4. Cindy says:

    Some people think if anyone in the book falls in love – you’ve got yourself a romance! Gone with the Wind? Romeo and Juliet? Anna Karenina? Not “romances” in my book. No HEA = No romance.
    Rebecca isn’t a romance to me either – not because of personalities of the married pair (because those can vary widely in books that are undoubtedly romances), but because of the focus of the book. The relationship of Maxim and Wife #2 isn’t the most important relationship in the book. Mousey heroines and unsympathetic heros don’t make a non-romance, they just probably make a bad romance.
    The lovely little romance of Jo and the Professor in Little Women is one of my favorites, but Little Women isn’t a romance either, because the couple’s relationship isn’t the focus of the book.
    It doesn’t bother me when people call any of the above romances – they just don’t fit my definition (or the definition of most devoted romance-readers, based on what I read on-line). To me, a true romance focuses on the establishment or strengthening of a loving relationship between a man and a woman, and has a HEA ending.

  5. Susan/DC says:

    “Rebecca” is a wonderfully atmospheric Gothic, but it’s not a romance. It’s very telling that the book’s title is the first wife’s name and that the second wife goes unnamed.

  6. xina says:

    I think Rebecca is a true gothic novel, but romance? No. Romance novel writing follows a pattern and Rebecca doesn’t have that pattern at all. It does have a fairly happy ending, but that alone doesn’t make it a romance novel. It isn’t really very romantic. At times I fear for the heroine and her husband really isn’t much help for most of the book. Okay…we find out his true feelings in the end, but not much romance happens within the book at all. It really bugs me when people name a classic as their favorite romance novel, almost as if they think they will appear intelligent (ashamed to name a real romance writer) if they list Pride and Prejudice as their “favorite romance of all time.” Sorry…that is not romance either. It’s a romantic book, to be sure, but not a romance novel. Same goes for Rebecca.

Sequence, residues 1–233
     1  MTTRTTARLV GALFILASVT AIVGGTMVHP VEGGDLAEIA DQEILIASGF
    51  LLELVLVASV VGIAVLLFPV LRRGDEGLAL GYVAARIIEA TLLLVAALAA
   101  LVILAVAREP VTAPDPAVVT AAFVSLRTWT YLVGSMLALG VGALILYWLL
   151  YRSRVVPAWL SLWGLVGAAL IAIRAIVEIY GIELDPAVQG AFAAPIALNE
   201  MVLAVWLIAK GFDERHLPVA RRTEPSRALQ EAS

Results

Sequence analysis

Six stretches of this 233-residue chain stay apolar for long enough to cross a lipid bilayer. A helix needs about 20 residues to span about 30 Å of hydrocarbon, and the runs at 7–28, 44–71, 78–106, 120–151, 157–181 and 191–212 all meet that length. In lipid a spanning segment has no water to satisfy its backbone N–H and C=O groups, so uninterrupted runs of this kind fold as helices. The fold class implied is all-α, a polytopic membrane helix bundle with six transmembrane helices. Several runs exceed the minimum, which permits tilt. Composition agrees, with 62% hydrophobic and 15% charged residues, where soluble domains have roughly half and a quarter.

7. Mary Skelton says:

    Louisa Edwards: The one that bugs me is Wuthering Heights. People are always referring to it as a romance, and I agree that it IS romantic in the sense of high emotions, life-and-death love, wild moors, etc, but I wouldn’t classify it as a romance in the modern sense of the word. Heathcliff and Catherine’s end isn’t what anyone could call “happily ever after”. I always find myself deeply unsettled after reading it.
    ***********

    I agree Wuthering Heights is not a HEA, but I still think it romantic in a gothic sort of way. Cathy & Heathcliff were bound to each other in an ethereal, otherworldly way that was somehow not meant to be during their lifetime. Their HEA if they had one came after death. I do not know to this day why I feel empathy for Heathcliff given his cruelty, but I think the bleak childhood he survived made his adult persona a little easier to understand. He was capable of love. He did love Cathy even though it was his love that destroyed her and Cathy herself played a big part in his downfall. I think there is a message there that love can destroy, but also that love can save. There was redemption in the children when Catherine Linton and Hareton Earnshaw get together.

  8. Mary Skelton says:

    One of my favorite romances is Pride and Prejudice. When people put down romances, I just bring up Jane Austen as an example. Two people begin at odds with each other. The big misunderstanding. Regret at learning the truth of how the heroine misjudged the hero. An evil villain in George Wickham. Finally coming together for a HEA. So many classics fit this mold, but people smear the modern romance.

    I would say that there are many classics that are mis-categorized as NOT being a romance. Austen’s works would be one example, Elizabeth Gaskell’s another. Then there is also George Elliot. How many classics can we think of that people go to great pains to categorize as something else besides a romance?

  9. Cindy says:

    I would absolutely categorize Pride and Prejudice as a romance. Almost every scene shows us what makes Elizabeth who she is or what makes Darcy who he is and it all works to bring them together in the end. I can’t think why anyone wouldn’t call P&P a romance.

  10. Mary Skelton says:

    Cindy: I would absolutely categorize Pride and Prejudice as a romance.Almost every scene shows us what makes Elizabeth who she is or what makes Darcy who he is and it all works to bring them together in the end.I can’t think why anyone wouldn’t call P&P a romance.

    Because that would serve to make romance a legitimate genre and the classics snobs cannot have that! I have heard/read quite a few people that will deny to their dying day that P&P is not a romance compared to the modern genre. Most likely they are the same people who have never read a modern romance.

  11. Marcella says:

    Daphne Du Maurier is one of my favorite authors and I own most of her books, but not one romance among them IMO, incl. Frenchman’s Creek and Jamaica Inn, which have even more romantic elements than Rebecca.

    I agree with Mary Skelton, admitting that P&P and other classics (Jane Eyre e.g.) are romances would make it a legitimate genre, so that won’t happen any time soon in our patriarchal world. But who knows, maybe in 2250 books by Nora Roberts, SE Phillips, Loretta Chase and Lisa Kleypas will be called classics…